Author Frank Cassano writes about Huffington Post writer Michael Shermer's article "My Day in Dealey Plaza: Why JFK Was Killed by a Lone Assassin."
Frank Cassano on Michael Shermer's own sleight of hand: why one must be skeptical of the skeptic.
Richard Bartholomew satirizes the History Channel's "The Kennedys".
Mroz makes the central focus of this article the disinformation within JFK research data. But more specifically, a provable purveyor of such disinformation: that self-described "free, web-based, collaborative, multilingual encyclopedia project," aka, Wikipedia.
Any serious student of the King case should ignore both this program and the book by Hampton Sides. Instead, read The 13th Juror, concludes Jim DiEugenio.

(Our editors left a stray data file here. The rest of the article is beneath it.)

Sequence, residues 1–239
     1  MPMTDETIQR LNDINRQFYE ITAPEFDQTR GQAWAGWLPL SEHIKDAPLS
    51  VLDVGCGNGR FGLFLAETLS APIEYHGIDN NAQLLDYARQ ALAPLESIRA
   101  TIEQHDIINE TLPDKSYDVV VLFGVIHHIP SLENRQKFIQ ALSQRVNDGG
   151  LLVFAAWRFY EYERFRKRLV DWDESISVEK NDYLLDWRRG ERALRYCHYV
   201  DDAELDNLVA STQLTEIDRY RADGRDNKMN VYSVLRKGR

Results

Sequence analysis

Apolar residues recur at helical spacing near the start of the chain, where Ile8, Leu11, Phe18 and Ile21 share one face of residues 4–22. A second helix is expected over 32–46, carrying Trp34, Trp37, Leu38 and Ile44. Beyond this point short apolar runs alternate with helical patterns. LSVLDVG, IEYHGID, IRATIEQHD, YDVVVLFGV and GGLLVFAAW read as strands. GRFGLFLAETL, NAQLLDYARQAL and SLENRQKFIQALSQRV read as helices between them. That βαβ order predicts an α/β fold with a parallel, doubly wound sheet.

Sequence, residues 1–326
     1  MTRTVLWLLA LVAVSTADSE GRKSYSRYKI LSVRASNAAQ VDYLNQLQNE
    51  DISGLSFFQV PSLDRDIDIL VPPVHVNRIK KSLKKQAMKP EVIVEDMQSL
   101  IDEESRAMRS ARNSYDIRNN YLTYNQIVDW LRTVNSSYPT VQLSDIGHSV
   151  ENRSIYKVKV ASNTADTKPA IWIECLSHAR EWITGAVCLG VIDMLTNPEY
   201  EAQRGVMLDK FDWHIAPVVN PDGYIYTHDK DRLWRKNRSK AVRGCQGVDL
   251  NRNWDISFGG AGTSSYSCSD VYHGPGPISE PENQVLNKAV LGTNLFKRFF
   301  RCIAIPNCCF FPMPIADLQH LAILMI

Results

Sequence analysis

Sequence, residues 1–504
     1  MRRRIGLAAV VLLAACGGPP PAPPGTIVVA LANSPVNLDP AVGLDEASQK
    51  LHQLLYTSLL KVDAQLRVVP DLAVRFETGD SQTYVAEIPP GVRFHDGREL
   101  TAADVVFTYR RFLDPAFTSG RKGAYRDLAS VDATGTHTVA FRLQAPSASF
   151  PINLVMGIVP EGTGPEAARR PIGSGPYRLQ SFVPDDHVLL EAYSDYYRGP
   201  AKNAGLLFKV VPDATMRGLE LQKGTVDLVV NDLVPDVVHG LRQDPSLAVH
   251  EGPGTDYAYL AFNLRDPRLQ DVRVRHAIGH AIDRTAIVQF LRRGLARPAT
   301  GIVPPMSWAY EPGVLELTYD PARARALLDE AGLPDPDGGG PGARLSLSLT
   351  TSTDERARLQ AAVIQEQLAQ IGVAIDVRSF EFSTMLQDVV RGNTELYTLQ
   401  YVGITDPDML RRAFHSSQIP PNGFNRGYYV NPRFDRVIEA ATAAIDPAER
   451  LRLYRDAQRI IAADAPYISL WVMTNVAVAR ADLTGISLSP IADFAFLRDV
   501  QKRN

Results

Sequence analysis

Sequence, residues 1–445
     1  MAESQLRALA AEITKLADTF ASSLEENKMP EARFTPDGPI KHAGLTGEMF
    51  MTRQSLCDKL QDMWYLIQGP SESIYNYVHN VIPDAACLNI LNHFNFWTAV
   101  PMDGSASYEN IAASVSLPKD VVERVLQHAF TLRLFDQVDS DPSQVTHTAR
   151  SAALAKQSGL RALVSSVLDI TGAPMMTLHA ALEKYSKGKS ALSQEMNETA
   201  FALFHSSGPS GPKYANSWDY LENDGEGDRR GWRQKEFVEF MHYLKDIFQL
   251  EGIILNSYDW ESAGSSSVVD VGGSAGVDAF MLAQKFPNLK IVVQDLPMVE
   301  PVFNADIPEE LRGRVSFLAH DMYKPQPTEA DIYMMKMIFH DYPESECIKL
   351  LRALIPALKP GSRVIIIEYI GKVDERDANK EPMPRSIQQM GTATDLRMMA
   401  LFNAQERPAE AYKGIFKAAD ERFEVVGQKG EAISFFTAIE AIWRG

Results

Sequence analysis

James DiEugenio reviews Dean T. Hartwell's book on forty years of government cover-ups.
You won't hear about the ARRB on The Lost JFK Tapes either. But at least you won't have to suffer through the god-awful Dale Myers type manipulation of fact that produces an unsupportable conclusion, writes Jim DiEugenio.
It is evident that [the] three shows [reviewed in this article] reveal a rather unwelcome truth. That is, today's cable TV companies are just as psychologically and socially incapable of telling the truth about President Kennedy's death as the networks were in the sixties and seventies, concludes Jim DiEugenio.
The critiques that Milicent Cranor, David Mantik, Speer and myself have made of Mack's Discovery Channel debacles cannot be reduced to a disagreement over conclusions; they are based on the methods by which the conclusions were reached, writes Jim DiEugenio.